I saw Bill at a party when I got back. I was living with Albert Saijo in Buchanan Street in that big gray building that occupied the whole block between Post and the alley. It was called the Hyphen House. The East-West house was up around the corner on California Street very nearly across from the big Synagogue.

[David Schneider comment:

The way this is placed in the interview makes it sound as if Philip is speaking about getting back from Japan.

But it describes a period in 1959, about 7 years before Japan. He *was* hiking in the Sierra that summer, and "got back" from there and went into the Hypen House. Maybe that's what he meant.]

Bill was totally involved with the gay scene.

He died in 82 or 83 and we did his funeral up above RCA beach in Bolinas. Steve Allen and Mike Jamvold helped me. We set up an altar on a table. There were fifteen twenty people there. That's where he wanted his ashes spread.

DC - I remember it now - I was there. I was living nearby and you-all needed some support. But I didn't know who McNeill was.

From Philip Whalen on Bill McNeill - 6/17/02

I made a big magic memorial service for him at RCA Beach. Steve Allen and Mike Jamvold, Shunko, were my assistants. Issan, Joanne, Glenn, and Dave Haselwood were there. [I was there too. - DC]

[Glenn is Glenn Todd who I had visited before Philip. Glenn has lived for many years next door to the old Sokoji temple which is being remolded. After being shown around the construction site there awash in memories, my friend Cecilia and I went over to Glenn's and he showed us paintings by McNeill and talked about him and said to give his regards to Philip which I did.]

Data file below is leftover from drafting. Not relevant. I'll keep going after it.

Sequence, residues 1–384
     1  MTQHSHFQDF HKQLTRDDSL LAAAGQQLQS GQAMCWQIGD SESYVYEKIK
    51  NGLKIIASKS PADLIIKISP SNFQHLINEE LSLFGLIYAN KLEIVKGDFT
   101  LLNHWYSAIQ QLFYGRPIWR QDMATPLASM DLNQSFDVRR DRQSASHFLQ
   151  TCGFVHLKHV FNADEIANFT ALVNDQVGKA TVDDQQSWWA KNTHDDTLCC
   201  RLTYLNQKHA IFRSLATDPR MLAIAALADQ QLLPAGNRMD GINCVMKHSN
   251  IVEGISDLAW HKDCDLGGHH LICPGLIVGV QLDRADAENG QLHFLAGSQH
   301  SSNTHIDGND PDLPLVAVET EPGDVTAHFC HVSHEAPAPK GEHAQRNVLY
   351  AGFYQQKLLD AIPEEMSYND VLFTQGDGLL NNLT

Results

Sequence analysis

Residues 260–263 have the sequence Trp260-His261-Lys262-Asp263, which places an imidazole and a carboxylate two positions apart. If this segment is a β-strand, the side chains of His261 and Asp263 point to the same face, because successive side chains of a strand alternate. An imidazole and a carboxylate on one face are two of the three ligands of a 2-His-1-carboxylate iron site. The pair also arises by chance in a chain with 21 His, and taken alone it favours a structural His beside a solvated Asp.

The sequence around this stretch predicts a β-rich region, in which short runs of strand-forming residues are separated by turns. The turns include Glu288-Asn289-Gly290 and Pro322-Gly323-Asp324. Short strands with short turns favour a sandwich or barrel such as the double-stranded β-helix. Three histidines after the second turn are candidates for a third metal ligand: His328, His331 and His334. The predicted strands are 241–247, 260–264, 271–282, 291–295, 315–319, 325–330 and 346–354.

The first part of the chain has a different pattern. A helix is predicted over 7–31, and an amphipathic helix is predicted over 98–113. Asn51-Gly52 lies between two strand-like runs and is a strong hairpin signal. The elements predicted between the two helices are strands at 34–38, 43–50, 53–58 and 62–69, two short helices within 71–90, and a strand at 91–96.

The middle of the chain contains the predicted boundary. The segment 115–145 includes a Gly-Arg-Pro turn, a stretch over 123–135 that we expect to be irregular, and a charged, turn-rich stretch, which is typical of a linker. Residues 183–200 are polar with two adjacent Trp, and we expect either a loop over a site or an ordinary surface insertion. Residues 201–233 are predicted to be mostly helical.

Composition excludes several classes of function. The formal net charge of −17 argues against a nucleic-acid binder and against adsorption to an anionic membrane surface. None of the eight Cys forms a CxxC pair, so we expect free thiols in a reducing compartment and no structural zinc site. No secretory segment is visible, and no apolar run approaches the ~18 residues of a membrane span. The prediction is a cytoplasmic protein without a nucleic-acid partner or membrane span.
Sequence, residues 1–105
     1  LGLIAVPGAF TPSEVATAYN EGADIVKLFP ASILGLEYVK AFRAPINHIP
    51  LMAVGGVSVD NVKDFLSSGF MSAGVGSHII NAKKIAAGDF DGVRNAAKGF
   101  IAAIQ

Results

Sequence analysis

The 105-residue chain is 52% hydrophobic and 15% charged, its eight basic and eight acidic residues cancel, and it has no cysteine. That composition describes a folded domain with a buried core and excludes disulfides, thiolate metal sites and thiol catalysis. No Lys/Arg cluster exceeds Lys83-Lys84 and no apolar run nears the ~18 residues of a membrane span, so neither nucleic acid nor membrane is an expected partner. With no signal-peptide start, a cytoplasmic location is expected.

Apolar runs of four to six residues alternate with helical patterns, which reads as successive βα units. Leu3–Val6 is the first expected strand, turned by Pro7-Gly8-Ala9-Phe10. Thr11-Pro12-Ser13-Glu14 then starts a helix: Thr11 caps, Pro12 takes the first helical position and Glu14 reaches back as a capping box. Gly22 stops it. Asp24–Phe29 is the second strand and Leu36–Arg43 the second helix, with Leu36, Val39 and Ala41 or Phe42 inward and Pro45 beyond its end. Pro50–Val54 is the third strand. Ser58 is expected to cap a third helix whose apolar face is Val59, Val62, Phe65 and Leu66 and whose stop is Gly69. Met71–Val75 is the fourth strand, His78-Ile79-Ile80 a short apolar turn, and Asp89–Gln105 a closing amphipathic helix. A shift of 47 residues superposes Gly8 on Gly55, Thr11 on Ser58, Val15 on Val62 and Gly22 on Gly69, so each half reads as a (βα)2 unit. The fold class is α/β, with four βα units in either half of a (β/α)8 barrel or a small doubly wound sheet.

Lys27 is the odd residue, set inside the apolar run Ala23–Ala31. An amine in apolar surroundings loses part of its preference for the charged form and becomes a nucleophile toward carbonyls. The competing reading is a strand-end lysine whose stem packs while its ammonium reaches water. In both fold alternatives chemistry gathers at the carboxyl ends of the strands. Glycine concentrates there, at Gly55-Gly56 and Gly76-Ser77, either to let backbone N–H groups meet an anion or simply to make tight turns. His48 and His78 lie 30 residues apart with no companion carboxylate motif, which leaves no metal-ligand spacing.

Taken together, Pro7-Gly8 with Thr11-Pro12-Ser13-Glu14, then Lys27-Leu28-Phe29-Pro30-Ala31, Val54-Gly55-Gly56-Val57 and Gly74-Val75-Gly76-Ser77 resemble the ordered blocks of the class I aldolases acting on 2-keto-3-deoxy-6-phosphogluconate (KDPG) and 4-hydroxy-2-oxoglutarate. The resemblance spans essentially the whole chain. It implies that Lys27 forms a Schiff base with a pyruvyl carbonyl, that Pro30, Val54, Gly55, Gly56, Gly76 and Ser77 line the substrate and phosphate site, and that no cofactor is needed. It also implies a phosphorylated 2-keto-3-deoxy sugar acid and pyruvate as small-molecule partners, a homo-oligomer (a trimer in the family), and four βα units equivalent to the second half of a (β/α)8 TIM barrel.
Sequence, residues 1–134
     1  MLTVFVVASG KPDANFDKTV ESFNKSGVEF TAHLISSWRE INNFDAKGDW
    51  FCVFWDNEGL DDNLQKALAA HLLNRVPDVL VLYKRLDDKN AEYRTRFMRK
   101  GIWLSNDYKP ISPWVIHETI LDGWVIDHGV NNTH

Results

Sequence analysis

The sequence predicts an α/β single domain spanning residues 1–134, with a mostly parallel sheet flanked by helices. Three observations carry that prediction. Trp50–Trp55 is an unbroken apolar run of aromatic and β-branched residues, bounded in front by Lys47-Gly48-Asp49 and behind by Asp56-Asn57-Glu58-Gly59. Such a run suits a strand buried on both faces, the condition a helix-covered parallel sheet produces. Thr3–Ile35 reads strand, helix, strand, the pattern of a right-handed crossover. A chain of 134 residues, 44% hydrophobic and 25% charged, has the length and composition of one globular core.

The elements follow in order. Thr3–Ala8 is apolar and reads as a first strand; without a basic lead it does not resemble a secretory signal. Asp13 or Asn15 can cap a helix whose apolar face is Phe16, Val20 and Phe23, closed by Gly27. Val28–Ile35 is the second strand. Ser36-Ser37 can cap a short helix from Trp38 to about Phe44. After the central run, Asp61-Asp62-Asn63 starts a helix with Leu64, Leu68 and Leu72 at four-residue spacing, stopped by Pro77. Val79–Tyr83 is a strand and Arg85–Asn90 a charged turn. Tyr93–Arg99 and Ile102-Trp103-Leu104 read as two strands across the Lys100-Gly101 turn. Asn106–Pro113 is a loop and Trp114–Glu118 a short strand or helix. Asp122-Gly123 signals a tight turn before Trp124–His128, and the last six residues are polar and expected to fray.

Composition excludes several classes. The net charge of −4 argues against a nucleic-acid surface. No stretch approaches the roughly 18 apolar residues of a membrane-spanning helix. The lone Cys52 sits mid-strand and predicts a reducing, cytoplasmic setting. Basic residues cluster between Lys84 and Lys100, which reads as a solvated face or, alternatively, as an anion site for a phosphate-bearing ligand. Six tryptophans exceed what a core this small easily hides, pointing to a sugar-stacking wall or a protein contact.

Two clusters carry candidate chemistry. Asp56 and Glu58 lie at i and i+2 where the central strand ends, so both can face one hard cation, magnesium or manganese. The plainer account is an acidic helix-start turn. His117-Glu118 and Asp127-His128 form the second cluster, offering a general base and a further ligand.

The ocean roared and the wind was cold and everybody stood still and it was very nice. We went through the whole forty minute death and rebirth ceremony. It was Zen straight out of the book - same as Suzuki Roshi's I bet. I used a flame - two pieces of paper painted red and glued together.

5-27-14 - Note from David Schneider sent sometime in the last ten years: reading through the Philip Whalen interview again…how marvelous, all the work you've done, all the history you've preserved.

Really, kudos…we're in your debt, and the people of the future are especially. (presuming they care about history, presuming they care about anything beyond their smartphones.)

Here are a couple notes you might use to correct/amend the interview, if/when you get around to it.

 - Hyphen House was so named, because it was indeed the overflow of the East-West House, and referred to the hyphen between "East" and "West."

- don't know when Dave Haselwood went to see Suzuki-roshi, but he *was* working on printing PW's book in late '59 and early '60.

Just wrote a chapter about that period.

-  it's spelled "Ebbe Borregaard" 

 - "Deaver St." should be "Beaver St."  - that little block that runs up off Divisadero, on the other side of it from 16th, and not far from there.

"I  saw Bill at a party when I got back. I was living with Albert Saijo in Buchanan Street in that big gray building that occupied the whole block between Post and the alley. It was called the Hyphen House. The East-West house was up around the corner on California Street very nearly across from the big Synagogue."

The way this is placed in the interview makes it sound as if Philip is speaking about getting back from Japan.

But it describes a period in 1959, about 7 years before Japan. He *was* hiking in the Sierra that summer, and "got back" from there and went into the Hypen House. Maybe that's what he meant.

Now, I'll definitely want to quote from your interview.

First of all, do I have your permission to do so? (the way you've put it out there, it's almost "public."

Is there a way you'd like me attribute the citations? Say the word.

Lots of love,